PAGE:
This one is interesting, as it is set up mirrored, to be read from right to left, in contrast to the common way of presenting national energy flows (e.g. here for Australia or here for Iran).

Overall consumption was 368 TWh in 2014. Sweden relies roughly one third on nuclear energy, one third on fossil fuels, and one third on renewables (wind, hydro and biofuels).

The different areas of the energy system are further detailed per consuming sector and per fuel type and shown with individual Sankey diagrams. So if you understand some Swedish, go check out the 17-page presentation.

From my collection of Sankey diagrams here are three very similar samples depicting energy flows in a building. All three are from Germany (did I mention that more than half of the Sankey diagrams seem to be from Germany or Austria?).

These are all very simple Sankey diagrams. This first one is a hand-drawn goodie from the times when reports were still done with a typewriter. It shows use of fuel oil (‘Heizol’) in a school building, and interesting to see, the flows are given in kilograms fuel oil rather than to represent the heating value. The school building consumes 80 tonnes of fuel oil per year.

Note that flows are not to scale (arrow for equivalent of 10580 kg fuel oil annual heat loss through walls is about the same width as the one representing 31770 kg heat loss through windows). So this Sankey diagram doesn’t deserve an A…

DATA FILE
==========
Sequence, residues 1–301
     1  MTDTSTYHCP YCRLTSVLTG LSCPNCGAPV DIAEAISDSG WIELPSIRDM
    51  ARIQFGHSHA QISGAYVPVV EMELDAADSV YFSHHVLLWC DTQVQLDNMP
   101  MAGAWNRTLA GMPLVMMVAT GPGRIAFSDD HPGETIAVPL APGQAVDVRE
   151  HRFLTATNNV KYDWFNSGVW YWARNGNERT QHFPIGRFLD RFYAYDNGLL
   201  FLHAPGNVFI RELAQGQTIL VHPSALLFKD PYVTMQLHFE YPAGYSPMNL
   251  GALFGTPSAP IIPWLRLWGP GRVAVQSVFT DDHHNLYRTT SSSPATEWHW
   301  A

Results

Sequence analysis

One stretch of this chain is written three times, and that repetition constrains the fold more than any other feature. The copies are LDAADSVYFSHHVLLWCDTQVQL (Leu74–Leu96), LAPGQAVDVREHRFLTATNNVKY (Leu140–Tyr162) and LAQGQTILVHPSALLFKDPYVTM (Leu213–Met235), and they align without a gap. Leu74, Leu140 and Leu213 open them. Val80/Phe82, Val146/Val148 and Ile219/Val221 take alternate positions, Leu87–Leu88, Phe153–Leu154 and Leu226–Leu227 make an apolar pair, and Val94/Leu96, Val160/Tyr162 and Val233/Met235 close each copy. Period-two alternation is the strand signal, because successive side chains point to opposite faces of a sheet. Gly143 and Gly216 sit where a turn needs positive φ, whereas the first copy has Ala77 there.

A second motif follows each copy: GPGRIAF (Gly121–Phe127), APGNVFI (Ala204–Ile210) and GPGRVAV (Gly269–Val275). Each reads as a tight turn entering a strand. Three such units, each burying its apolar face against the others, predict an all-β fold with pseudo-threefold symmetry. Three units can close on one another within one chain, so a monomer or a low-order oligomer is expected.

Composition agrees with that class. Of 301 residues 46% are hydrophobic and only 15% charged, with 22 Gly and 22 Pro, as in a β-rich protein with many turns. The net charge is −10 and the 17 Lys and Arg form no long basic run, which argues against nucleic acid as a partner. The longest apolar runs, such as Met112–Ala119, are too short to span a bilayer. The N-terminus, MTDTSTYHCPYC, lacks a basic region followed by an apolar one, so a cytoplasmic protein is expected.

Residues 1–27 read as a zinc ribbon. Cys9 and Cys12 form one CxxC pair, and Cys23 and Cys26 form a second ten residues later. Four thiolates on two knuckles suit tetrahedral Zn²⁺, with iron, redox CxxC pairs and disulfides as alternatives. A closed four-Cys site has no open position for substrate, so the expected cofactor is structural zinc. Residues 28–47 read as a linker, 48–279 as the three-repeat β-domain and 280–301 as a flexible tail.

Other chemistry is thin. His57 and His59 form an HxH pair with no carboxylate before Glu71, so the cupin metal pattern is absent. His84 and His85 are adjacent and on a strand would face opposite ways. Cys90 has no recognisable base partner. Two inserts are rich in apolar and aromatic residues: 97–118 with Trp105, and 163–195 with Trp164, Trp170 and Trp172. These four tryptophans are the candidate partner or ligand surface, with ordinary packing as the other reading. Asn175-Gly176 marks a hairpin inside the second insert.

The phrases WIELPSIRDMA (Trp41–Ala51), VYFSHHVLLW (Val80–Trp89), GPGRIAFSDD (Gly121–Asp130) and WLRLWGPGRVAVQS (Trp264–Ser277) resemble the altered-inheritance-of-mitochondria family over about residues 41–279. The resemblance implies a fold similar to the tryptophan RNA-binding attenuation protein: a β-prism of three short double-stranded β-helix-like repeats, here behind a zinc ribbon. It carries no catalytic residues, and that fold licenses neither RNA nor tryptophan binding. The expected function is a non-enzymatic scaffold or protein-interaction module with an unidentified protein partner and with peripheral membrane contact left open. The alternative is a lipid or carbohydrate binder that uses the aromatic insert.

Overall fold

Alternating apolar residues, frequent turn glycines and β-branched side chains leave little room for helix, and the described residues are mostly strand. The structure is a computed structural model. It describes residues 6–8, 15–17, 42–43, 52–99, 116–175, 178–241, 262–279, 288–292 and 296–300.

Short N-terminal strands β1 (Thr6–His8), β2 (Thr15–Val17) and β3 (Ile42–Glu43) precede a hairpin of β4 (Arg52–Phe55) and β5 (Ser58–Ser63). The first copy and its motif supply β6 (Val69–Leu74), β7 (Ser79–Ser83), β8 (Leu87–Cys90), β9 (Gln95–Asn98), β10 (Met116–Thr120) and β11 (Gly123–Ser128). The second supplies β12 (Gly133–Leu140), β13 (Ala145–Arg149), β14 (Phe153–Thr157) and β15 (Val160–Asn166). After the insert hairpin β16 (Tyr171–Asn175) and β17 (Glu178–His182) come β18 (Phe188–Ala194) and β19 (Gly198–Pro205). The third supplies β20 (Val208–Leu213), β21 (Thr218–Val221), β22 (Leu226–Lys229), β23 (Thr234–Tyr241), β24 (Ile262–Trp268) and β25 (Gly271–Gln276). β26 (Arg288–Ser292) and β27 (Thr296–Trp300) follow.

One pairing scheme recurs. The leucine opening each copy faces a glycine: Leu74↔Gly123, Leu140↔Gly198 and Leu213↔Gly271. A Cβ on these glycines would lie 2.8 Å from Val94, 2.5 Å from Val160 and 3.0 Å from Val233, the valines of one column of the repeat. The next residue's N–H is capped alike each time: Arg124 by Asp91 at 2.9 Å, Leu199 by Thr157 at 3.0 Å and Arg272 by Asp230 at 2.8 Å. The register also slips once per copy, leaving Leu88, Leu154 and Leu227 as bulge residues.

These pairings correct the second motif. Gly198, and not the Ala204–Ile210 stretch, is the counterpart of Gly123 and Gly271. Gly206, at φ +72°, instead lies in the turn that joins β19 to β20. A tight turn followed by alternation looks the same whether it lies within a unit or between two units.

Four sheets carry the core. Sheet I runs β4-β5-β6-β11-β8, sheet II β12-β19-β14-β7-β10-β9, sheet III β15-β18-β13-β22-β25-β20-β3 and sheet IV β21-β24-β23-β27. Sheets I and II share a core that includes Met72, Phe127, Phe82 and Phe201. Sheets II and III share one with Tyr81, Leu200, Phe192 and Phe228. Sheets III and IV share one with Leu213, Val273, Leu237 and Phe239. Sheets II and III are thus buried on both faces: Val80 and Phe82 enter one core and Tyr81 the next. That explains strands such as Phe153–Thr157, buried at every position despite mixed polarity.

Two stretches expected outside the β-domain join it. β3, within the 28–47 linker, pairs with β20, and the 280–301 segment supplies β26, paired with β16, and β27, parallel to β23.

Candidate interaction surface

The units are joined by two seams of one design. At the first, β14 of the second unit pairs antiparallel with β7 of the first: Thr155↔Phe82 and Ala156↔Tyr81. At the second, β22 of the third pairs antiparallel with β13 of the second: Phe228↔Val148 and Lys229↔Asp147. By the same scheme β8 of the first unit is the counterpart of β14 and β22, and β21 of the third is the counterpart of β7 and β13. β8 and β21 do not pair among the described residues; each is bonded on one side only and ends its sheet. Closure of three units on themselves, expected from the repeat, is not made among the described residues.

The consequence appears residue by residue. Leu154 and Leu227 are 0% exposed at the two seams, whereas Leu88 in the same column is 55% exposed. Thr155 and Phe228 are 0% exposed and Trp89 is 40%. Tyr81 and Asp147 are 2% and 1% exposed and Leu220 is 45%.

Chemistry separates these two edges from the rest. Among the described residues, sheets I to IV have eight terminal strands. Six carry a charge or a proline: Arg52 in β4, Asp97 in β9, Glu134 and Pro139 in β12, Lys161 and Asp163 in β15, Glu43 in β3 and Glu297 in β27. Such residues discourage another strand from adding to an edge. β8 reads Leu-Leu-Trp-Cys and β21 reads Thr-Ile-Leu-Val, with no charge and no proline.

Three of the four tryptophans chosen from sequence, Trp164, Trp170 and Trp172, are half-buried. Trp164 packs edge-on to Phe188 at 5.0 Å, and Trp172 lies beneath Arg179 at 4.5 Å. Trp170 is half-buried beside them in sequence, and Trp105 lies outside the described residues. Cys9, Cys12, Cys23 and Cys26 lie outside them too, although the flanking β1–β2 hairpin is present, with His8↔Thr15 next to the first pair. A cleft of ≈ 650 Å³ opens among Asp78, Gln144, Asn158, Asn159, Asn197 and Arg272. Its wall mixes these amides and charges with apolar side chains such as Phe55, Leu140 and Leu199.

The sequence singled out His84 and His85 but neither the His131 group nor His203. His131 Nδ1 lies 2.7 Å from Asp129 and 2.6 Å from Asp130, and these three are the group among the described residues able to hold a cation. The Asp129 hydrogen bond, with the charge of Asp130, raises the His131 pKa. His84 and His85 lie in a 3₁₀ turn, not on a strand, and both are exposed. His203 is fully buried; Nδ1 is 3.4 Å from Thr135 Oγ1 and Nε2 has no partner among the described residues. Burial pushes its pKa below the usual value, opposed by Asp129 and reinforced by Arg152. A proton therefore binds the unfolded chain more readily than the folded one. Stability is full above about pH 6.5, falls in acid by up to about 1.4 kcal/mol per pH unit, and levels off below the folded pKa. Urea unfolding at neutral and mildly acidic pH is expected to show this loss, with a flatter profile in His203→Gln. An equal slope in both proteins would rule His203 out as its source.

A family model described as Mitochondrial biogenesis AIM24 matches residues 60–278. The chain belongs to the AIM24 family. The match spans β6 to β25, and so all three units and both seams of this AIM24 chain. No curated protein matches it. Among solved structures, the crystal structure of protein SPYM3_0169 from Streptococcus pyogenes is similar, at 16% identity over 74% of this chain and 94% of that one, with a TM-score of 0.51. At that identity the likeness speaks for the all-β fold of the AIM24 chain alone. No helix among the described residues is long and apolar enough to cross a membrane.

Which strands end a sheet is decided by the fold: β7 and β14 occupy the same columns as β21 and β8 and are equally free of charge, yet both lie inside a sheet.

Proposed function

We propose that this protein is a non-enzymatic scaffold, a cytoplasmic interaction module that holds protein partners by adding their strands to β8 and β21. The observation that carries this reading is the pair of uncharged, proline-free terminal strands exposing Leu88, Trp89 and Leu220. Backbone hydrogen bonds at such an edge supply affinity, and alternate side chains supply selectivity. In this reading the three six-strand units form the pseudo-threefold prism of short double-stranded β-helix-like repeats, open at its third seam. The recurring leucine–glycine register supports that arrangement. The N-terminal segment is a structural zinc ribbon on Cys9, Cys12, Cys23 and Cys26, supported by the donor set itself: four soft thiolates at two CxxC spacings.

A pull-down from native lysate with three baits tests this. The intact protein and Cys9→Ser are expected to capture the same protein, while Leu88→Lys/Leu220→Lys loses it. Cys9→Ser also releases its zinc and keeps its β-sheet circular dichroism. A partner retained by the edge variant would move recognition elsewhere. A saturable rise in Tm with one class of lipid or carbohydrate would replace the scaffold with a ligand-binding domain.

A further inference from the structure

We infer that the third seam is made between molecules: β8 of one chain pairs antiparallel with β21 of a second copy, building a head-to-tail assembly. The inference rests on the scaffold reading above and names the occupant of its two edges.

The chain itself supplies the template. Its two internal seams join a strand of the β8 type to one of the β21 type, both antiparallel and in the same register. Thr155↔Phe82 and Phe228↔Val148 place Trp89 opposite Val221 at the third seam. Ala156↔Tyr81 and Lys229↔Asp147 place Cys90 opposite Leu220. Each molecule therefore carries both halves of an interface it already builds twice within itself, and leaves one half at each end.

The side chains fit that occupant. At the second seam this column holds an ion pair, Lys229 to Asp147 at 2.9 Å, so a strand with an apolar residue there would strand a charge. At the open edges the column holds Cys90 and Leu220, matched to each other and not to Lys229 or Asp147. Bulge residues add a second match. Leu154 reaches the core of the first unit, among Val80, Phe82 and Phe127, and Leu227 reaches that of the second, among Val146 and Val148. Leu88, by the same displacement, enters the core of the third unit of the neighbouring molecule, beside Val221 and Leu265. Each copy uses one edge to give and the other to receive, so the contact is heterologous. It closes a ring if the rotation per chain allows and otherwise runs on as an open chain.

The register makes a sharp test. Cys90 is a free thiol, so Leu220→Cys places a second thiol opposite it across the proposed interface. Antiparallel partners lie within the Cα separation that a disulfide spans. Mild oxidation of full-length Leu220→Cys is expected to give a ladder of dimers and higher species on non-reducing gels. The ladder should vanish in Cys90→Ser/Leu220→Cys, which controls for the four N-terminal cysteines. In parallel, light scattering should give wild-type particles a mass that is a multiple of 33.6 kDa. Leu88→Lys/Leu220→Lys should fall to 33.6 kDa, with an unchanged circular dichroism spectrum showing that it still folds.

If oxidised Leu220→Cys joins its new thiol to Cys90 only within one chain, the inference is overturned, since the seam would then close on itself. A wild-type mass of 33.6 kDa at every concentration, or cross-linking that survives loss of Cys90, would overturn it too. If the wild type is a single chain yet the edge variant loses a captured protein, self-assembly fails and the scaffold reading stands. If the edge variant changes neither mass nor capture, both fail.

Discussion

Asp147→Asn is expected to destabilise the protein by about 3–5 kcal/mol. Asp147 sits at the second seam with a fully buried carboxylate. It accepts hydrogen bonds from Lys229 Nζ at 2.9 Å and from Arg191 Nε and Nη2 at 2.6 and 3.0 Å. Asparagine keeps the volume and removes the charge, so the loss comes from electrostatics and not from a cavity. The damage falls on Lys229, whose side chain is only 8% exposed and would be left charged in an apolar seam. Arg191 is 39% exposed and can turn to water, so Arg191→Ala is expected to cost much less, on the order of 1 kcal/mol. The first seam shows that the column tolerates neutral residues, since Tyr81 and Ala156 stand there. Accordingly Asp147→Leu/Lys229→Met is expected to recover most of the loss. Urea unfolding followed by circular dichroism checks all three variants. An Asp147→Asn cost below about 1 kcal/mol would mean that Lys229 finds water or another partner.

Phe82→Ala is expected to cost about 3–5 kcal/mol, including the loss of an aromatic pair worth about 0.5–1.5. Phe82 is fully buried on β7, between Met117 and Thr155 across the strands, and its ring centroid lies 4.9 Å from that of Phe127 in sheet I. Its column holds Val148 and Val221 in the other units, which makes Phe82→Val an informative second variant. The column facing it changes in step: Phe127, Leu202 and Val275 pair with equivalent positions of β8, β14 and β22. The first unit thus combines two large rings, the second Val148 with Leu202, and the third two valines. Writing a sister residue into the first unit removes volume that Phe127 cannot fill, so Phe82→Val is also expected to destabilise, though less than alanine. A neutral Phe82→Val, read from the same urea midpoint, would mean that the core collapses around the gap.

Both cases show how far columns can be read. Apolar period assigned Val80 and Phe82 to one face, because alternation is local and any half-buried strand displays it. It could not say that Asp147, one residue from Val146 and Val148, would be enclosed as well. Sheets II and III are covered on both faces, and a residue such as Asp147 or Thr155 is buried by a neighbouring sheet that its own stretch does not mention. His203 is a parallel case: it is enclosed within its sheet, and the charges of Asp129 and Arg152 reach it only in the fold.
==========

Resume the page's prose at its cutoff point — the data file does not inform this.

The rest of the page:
The next building energy flow Sankey diagram shows flows in Watts (W). Not sure where I found this one. Flows again are not proportional (spot the 470 W flow and compare it to the others). Main inputs are radiation (‘Strahlung’) and electric energy. A heat pump cycling energy can be seen, so it seems that this one is maybe for a passive house.

This last one done with a Sankey diagram software hence flows are to scale in this one (although I have some doubts regarding the width of the fuel oil input arrow on the left). Flows are in kWh per year. Main fuel type is natural gas (red), some district heating (blue). Electric energy in yellow, consumed by IT, lighting, air compressors, and so on. This energy flow Sankey diagram is probably for a factory building or complex.

I will try to add the sources where I found these three diagrams. Please forgive my negligence this time.

Digging out some gems from folders on my hard disk. I found this one back in 2010 or so, but had not documented the source properly – shame on me. I just know that it is from consulting firm Motiva. Had I really forgotten to features this here on the blog?

This one is the result of an energy analysis in a company. No numbers or units given in this diagram. Fuels by type on the left (‘polttoaineet’), then from left to right bunkers/tanks (‘kattilat’), two turbines (‘turbiinit’) generating electric energy (‘sähkö’) and steam (‘höyry’).

After posting on Australian Metals Flows yesterday I realized I had never presented a Sankey diagram for energy flows in Australia.

Well, here it is. From the Government of Australia, Clean Energy Regulator, Renewable Energy Target program website comes this beauty (CC-BY license Commonwealth of Australia):

One can really say that Australia is mainly exporting its energy. Flows in Petajoule (PJ) for the year 2012/13. Older energy flow diagrams available in the Australian Atlas of Minerals, Resources and Processing Centres here.